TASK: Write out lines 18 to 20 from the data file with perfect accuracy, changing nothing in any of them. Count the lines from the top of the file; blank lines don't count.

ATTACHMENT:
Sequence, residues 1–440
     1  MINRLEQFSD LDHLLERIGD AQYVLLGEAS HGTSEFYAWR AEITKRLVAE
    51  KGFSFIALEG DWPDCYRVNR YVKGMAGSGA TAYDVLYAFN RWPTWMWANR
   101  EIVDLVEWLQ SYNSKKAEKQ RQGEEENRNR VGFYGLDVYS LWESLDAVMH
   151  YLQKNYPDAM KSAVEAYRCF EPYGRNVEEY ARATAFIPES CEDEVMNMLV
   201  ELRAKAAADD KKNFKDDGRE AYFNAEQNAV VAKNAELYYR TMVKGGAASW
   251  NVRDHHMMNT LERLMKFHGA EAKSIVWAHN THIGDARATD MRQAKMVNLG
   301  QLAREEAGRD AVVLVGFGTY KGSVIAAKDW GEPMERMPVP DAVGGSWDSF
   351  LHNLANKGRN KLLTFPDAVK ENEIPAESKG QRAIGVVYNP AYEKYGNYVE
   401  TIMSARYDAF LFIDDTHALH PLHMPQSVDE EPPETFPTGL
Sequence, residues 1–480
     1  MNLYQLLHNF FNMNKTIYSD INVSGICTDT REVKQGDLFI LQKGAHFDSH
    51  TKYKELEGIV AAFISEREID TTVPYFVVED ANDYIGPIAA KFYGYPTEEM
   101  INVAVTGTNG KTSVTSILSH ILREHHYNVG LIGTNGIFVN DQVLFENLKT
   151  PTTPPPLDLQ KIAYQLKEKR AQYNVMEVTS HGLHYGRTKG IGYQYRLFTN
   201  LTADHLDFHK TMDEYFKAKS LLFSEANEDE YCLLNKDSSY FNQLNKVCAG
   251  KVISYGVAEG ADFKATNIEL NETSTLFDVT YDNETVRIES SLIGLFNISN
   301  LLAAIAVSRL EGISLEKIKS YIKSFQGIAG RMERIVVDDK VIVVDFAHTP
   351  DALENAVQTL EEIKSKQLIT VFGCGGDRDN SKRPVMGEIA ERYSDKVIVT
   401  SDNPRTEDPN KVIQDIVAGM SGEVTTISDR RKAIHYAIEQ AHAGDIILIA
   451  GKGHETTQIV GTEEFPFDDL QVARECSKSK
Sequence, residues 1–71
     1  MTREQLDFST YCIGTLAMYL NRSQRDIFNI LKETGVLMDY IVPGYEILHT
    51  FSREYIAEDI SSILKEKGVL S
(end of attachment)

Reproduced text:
   301  LLAAIAVSRL EGISLEKIKS YIKSFQGIAG RMERIVVDDK VIVVDFAHTP
   351  DALENAVQTL EEIKSKQLIT VFGCGGDRDN SKRPVMGEIA ERYSDKVIVT
   401  SDNPRTEDPN KVIQDIVAGM SGEVTTISDR RKAIHYAIEQ AHAGDIILIA